16 Words That Can Mean Something Completely Different In The U.K.

And how to avoid potentially embarrassing situations while abroad.

1. Pants

 

What it means in the U.S.: Outerwear from the waist to the ankles; trousers.
What it means in the U.K.: Underwear.
Potentially confusing sentence: “Wow, your mom has the nicest pants!”

2. Braces

 

What it means in the US: Devices for straightening teeth.
What it means in the UK: Suspenders.
Potentially confusing sentence: “I used to always get food caught in my braces as a kid.”

3. Biscuit

 

What it means in the U.S.: A buttery, flaky bread served with savory meals.
What it means in the U.K.: A cookie.
Potentially confusing sentence: “I can’t eat a biscuit unless it’s dripping in gravy.”

4. First floor

 

What it means in the U.S.: The floor at ground level.
What it means in the U.K.: The floor above the ground level floor.
Potentially confusing sentence: “That super-important meeting is taking place on the first floor — don’t be late!”

5. Fancy dress

 

What it means in the U.S.: Formal attire.
What it means in the U.K.: Costume.
Potentially confusing sentence: “Those girls invited us to a fancy dress party tonight. Now where can I get a tuxedo?”

6. Trainers

 

What it means in the U.S.: A fitness expert who helps you work out.
What it means in the U.K.: Sneakers.
Potentially confusing sentence: “Work out with trainers? What do I look like, a millionaire?!”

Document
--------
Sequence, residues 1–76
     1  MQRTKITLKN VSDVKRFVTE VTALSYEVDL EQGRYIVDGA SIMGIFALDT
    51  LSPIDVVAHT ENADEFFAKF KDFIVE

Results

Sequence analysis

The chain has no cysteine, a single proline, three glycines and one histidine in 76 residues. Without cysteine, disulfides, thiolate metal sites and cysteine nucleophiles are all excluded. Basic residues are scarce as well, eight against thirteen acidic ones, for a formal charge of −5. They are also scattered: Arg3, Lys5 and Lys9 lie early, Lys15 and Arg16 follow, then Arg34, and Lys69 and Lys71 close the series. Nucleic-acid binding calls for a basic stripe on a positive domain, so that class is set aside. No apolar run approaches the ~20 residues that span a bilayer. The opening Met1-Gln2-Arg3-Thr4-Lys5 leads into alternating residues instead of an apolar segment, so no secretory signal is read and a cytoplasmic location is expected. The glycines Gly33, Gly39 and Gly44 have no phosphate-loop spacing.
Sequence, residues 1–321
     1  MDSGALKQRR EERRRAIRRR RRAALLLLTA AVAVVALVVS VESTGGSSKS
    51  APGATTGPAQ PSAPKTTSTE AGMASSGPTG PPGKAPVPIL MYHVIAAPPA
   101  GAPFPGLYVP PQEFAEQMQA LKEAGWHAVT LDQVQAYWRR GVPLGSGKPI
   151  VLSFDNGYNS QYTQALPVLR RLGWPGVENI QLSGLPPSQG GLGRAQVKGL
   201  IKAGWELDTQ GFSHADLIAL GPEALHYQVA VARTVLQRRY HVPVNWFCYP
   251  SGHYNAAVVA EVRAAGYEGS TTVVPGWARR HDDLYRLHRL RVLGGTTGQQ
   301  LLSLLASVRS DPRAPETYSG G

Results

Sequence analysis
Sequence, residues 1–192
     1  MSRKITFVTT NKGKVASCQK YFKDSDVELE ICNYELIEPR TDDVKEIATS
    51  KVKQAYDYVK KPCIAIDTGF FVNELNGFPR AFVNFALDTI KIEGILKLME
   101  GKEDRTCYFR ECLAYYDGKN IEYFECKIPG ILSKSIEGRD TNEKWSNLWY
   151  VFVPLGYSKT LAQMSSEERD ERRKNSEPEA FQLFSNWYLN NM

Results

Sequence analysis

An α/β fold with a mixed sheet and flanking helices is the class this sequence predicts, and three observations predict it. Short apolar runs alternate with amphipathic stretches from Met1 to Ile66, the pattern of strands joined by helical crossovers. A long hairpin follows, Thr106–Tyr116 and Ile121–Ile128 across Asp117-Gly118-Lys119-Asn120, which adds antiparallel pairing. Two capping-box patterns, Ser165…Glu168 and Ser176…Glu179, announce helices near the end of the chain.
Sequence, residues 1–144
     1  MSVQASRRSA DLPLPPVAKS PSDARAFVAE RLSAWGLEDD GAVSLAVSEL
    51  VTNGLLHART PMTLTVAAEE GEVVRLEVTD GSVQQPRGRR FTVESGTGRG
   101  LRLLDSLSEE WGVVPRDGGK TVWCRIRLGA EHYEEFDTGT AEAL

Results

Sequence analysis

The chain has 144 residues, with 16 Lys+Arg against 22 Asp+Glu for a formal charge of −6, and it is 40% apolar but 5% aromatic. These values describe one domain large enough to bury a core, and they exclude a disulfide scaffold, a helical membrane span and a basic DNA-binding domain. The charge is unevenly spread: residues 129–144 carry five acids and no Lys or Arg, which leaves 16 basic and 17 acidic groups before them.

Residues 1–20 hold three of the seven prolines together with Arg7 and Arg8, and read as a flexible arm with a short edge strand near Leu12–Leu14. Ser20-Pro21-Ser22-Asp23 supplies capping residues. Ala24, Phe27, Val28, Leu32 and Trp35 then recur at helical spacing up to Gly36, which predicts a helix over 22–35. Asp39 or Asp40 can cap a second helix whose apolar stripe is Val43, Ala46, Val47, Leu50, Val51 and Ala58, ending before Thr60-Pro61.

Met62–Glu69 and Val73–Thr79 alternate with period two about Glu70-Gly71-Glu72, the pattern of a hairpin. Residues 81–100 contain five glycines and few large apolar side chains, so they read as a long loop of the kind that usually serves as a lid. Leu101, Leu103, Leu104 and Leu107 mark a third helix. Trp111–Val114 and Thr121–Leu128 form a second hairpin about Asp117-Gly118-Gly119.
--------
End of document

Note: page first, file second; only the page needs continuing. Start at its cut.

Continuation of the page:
7. Chaps

 

What it means in the U.S.: Leather leggings worn by cowboys designed to protect the legs whilst horseback riding.
What it means in the U.K.: Guys.
Potentially confusing sentence: “Nothin’ sexier than a pair of assless chaps!”

8. Comforter

 

What it means in the U.S.: A quilted bedspread.
What it means in the U.K.: A baby’s pacifier.
Potentially confusing sentence: “I can’t fall asleep without my favorite comforter.”

9. Cider

 

What it means in the U.S.: A nonalcoholic apple juice popular in the fall.
What it means in the U.K.: An alcoholic beverage derived from fermented apples, popular every season.
Potentially confusing sentence: “I used to drink cider every day as a kid.”

10. Knob

 

What it means in the U.S.: A rounded door handle.
What it means in the U.K.: A penis.
Potentially confusing sentence: “I broke my knob rushing out of the house this morning.”

11. Bin

 

What it means in the U.S.: A storage container.
What it means in the U.K.: A trash can.
Potentially confusing sentence: “I put all my grandmother’s valuables in a bin.”

12. Garden

 

What it means in the U.S.: A designated area for growing flowers or crops.
What it means in the U.K.: A backyard.
Potentially confusing sentence: “No thanks, I don’t want to drink beers in your garden because I’m not a crazy person.”

13. Rubber

 

What it means in the US: A condom.
What it means in the UK: An eraser.
Potentially confusing sentence: “Why on EARTH would you give those school children rubbers?!”

14. Pissed

 

What it means in the U..S: Angry.
What it means in the U.K.: Drunk.
Potentially confusing sentence: “Sorry that I’m late for work. I got a parking ticket and I’m pissed.”

15. Shag

 

What it means in the U.S.: Carpeting with particularly long and soft fibers.
What it means in the U.K.: Sex.
Potentially confusing sentence: “Shag? Gross. What is this, the ’70s?”

16. Football

 

What it means in the U.S.: Football.
What it means in the U.K.: Soccer.
Potentially confusing sentence: “I don’t like football.”

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